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IFA fights for client compensation after network collapse

by Rachael Revesz on Nov 16, 2012 at 11:26

IFA fights for client compensation after network collapse

An adviser is fighting for compensation on behalf of a client who was misadvised by an IFA whose bad practice forced a network into liquidation.

Jill Thomas, managing director of Sheffield-based Future Life Wealth Management, said the £97,200 owed to her client would fall on the Financial Services Compensation Scheme after the previous IFA’s network had collapsed due to the claim.

‘My client has not received a penny,’ she said. ‘It will be going to the FSCS [Financial Services Compensation Scheme] levy.’

Thomas’s client had previously been advised by IFA Simon Hulme, currently with Sheffield-based Futures Assured.

Hulme was previously the sole adviser at Nottinghamshire-based Pridemark Financial Services, which was an appointed representative of Derbyshire-based network Unleash Advice Partnership.

In October 2011 the Financial Ombudsman Service (FOS) upheld the complaint against Hulme citing ‘unnecessary churning of policies’.

The client, who did not wish to be named, was advised to pay a total of £10,000 a month into three personal pension plans with Aviva, Scottish Equitable and Scottish Life, to mitigate corporate tax.

The FOS ruled: ‘No evidence was provided to explain why it was necessary to recommend the personal pensions rather than a stakeholder pension and I noted that the investment was to be made into the standard managed funds offered by each provider.’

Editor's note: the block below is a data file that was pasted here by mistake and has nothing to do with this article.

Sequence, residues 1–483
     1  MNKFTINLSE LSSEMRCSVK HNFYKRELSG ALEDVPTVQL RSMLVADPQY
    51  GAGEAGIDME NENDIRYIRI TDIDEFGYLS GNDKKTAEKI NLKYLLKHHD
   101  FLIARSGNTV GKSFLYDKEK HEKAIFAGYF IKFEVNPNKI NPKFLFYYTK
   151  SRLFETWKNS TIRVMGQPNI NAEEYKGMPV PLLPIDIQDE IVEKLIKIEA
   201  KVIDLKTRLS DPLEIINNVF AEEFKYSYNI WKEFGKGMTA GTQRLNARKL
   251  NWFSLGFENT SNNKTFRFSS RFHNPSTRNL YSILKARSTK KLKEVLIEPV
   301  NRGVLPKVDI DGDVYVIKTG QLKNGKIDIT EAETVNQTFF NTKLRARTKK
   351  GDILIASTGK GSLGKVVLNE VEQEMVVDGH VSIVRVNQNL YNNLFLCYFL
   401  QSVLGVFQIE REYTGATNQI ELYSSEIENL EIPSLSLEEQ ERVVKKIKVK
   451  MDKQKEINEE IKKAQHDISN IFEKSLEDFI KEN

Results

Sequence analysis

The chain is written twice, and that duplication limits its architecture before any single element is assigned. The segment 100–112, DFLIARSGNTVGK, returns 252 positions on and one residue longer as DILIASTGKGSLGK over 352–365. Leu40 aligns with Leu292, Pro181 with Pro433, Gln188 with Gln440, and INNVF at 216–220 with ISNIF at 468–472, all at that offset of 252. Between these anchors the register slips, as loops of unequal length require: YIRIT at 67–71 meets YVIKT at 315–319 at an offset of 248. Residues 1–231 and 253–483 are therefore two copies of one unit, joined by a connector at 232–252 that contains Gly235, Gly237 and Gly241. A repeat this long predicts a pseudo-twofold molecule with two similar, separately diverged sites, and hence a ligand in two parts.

‘The format of the contributions recommended by Mr Hulme was designed to generate the maximum commission for Pridemark Financial Services, not to provide the best advice to you.

‘The advice given by Hulme was both misleading and unsuitable.’

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16 comments so far. Why not have your say?

Mike WOI

Nov 16, 2012 at 11:55

is there no news out there other than people blowing their own trumpet

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Gillian Cardy

Nov 16, 2012 at 12:06

Why is the PI policy not paying out?

Was the complaint properly notified?

If the client has really lost this sum then the claim falling in FSCS limits instead of FOS / PI limits will only go half way towards putting things right.

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Greg M

Nov 16, 2012 at 12:12

Gillian, don't ask sensible questions! This isn't a news story, it's just a redrafting of a someone's self-promoting press release.

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Annoymous

Nov 16, 2012 at 12:21

Oh Come On NMA get a grip chaps

Lets slap each other down and down and down - also bring in the FSCS again as a bill

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Smudger 2

Nov 16, 2012 at 12:22

Agree with Greg M and also would like to know how is this wonderful person is being remunerated for all this altruistic work.

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Charles Rickards

Nov 16, 2012 at 12:27

Nice to have the full facts on which to base a judgement, not! Obviously a slow news day. Makes a change to see bond to pension rather than the old style habitual bond to bond after exit penalties cease. Is the point raised here that the misadvice was the surrender of a bond into a pension or the fact a Stakeholder wasn't used? Was the Stakeholder the lowest cost and best option? I could go on, but I've said enough!

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Julian Stevens

Nov 16, 2012 at 12:30

If contributions were paid into PP's with Aviva, AEGON and Scottish Life, then why is the client owed £97,200?

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Gary L

Nov 16, 2012 at 12:48

Are you all trying to give a second opinion on the FOS judgement, or just slagging off the adviser who is trying to get compensation for their client? It sounds fairly clear-cut that the advice given was a commission generation exercise. If the new adviser is trying to put things right then why shouldn't they be paid for it? How would YOU deal with a client of yours who came to you in the same position?

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Julian Stevens

Nov 16, 2012 at 12:57